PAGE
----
The outcome of my warranty claim is unfair. What are my options?
Updated: May 19
A warranty is a guarantee made by a business selling an item that states under what circumstances they will return or repair it and the timeframe in which a defect must arise for them to do so.
Unfortunately, many people encounter issues when making warranty claims to have their purchased items repaired, replaced, or refunded. The experience is frustrating and can make one feel powerless.
Below are a few arguments businesses sometimes use when rejecting a warranty claim. Perhaps you have heard these yourself:
“It was your fault. You were rough on the product and didn’t use it correctly.”
“It’s not broken. You are imagining the issue, or it can be easily fixed.”
“You have brought this issue to our attention outside of the warranty timeframe.”
“The proof of purchase you have is not conclusive or official enough.”
“The business does not exist anymore.”
What can I do when my warranty claim is rejected?
Firstly, here are a few strategies you should avoid. These will only compromise your standing and make it less likely that your claim will ultimately be successful.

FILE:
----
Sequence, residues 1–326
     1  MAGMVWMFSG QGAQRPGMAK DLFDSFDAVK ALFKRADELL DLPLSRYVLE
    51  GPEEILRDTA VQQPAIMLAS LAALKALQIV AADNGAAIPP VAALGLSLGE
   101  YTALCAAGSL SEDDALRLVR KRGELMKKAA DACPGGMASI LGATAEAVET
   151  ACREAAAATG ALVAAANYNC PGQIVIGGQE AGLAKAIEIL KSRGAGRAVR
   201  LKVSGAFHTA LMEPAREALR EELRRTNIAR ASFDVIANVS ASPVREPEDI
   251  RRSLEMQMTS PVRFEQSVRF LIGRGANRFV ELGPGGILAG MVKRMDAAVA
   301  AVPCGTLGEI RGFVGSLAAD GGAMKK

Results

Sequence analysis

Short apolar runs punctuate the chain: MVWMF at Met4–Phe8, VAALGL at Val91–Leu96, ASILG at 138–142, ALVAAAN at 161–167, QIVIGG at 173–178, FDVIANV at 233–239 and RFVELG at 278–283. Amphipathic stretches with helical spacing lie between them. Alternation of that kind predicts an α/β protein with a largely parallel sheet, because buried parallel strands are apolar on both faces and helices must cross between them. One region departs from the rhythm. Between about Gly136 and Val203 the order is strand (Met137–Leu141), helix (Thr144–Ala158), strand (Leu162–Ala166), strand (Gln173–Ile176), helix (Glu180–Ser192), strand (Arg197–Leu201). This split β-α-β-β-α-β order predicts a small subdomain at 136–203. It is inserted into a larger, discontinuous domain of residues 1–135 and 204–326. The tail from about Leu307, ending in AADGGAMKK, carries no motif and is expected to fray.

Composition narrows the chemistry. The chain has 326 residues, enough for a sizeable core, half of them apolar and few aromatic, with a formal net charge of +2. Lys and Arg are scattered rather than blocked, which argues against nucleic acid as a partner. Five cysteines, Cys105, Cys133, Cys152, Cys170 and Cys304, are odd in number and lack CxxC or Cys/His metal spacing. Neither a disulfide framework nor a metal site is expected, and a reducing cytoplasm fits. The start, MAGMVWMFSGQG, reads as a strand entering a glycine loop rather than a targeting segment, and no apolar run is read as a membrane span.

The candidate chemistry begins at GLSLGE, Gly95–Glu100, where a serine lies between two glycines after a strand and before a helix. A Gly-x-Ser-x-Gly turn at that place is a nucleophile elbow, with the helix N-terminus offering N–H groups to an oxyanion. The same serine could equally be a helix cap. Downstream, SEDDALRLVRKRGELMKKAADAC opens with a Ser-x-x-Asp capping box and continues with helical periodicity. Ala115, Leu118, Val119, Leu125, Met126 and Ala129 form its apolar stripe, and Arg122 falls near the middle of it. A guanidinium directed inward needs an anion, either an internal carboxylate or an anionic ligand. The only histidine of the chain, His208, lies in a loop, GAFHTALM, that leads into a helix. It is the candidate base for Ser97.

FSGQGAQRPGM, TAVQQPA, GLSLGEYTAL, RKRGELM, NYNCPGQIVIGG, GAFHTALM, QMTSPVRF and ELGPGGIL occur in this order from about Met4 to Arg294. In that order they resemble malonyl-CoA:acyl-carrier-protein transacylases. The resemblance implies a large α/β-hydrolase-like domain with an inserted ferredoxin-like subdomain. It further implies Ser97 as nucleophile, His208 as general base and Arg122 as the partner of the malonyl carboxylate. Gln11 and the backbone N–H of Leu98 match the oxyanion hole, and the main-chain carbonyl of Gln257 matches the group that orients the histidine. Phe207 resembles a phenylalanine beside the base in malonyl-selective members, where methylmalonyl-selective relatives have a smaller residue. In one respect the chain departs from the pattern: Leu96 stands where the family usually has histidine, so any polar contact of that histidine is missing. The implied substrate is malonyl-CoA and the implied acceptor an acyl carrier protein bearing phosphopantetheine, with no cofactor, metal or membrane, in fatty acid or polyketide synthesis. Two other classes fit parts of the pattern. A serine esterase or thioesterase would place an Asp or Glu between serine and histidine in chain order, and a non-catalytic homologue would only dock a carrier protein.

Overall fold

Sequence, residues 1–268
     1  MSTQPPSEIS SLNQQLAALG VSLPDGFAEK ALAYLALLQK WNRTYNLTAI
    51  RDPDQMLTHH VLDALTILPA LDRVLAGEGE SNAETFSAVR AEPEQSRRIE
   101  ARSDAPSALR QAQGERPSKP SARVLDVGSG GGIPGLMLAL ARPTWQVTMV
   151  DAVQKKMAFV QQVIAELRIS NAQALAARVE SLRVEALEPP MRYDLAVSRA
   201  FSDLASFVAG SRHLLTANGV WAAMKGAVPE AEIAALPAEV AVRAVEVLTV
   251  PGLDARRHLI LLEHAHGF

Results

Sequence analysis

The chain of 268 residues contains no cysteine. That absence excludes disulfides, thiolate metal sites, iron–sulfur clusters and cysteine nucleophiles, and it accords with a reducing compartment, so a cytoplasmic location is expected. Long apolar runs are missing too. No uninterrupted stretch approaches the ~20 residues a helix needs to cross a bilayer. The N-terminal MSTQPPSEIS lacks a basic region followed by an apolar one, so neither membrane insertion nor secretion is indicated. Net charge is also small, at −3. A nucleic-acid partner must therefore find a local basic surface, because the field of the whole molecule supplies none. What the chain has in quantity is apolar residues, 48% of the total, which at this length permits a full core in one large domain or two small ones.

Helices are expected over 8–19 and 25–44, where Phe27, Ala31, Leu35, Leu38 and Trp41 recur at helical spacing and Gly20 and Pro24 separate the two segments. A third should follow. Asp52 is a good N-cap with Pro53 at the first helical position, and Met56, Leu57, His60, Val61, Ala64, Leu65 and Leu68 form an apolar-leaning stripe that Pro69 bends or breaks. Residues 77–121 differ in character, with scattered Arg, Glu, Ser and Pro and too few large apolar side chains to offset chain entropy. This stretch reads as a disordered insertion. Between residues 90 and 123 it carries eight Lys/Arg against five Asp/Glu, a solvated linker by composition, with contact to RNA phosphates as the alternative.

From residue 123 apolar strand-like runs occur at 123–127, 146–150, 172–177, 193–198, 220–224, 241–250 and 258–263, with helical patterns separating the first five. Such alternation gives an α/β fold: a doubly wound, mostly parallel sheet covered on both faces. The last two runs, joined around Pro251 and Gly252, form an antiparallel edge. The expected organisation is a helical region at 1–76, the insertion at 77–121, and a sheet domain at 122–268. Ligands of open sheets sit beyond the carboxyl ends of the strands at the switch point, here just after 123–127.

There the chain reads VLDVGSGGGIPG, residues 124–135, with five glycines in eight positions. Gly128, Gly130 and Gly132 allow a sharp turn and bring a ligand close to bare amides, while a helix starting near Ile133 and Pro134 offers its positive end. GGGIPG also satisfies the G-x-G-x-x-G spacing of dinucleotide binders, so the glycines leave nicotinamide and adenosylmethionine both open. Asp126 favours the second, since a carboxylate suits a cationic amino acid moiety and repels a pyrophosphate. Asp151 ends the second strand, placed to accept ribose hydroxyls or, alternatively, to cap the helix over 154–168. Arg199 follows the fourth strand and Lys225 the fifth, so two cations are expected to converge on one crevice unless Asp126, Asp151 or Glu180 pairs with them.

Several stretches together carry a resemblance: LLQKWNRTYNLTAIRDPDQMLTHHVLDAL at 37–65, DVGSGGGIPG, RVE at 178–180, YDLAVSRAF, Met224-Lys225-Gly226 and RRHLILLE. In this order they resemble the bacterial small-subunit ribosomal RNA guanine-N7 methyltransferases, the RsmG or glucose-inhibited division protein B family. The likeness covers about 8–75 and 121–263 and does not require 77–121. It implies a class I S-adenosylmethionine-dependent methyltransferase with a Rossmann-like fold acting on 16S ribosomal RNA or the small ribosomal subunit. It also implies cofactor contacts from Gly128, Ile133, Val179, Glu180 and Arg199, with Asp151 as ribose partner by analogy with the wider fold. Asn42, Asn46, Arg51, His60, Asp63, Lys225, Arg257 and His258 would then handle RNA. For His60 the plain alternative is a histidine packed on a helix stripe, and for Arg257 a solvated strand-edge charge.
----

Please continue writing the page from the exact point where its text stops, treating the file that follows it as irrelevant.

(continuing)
Leave an over-the-top negative review online. If you must leave a negative review, be careful with your wording and do not slander the company or staff.
Threaten the business. You can mention the possibility of legal action but never make physical threats or blackmail.
If you are on a payment plan, be aware that the business may take legal action if you stop making payments.
Here are a few things you should do instead:
Consider whether there is a better person or department to talk with. You may be able to escalate the issue by talking with senior managers.
If you are talking with a stockist or distributor, try talking to the manufacturer’s warranty team directly.
Keep thorough documentation of the issues with the product. Take photos and videos to demonstrate the defects and make sure these are dated.
Reread the warranty paperwork. Consider whether you have missed anything that may be relevant. Even if you discover the warranty is worded in such a way that you don’t fall under its terms, you may still be covered under consumer law.
Try to keep everything in writing. Even if you have a phone conversation, follow it up with an email. Ask for the email address on the phone if necessary and ask the seller to acknowledge they have received the email. Get their denial of your claim in writing.
Talking to a Sydney Warranty Lawyer
Finally, if all else fails, the final and most effective option may be to bring in legal support. Here at Arida Lawyers, we specialise in consumer law, warranty law and contract law, as well as debt recovery, employment law and building and construction law.
We have helped many clients to successfully resolve consumer disputes in their favour. We can represent you throughout the legal process and advise on unfair contract terms, misleading representations, unfair practices, consumer guarantees under consumer law and manufacturer liability.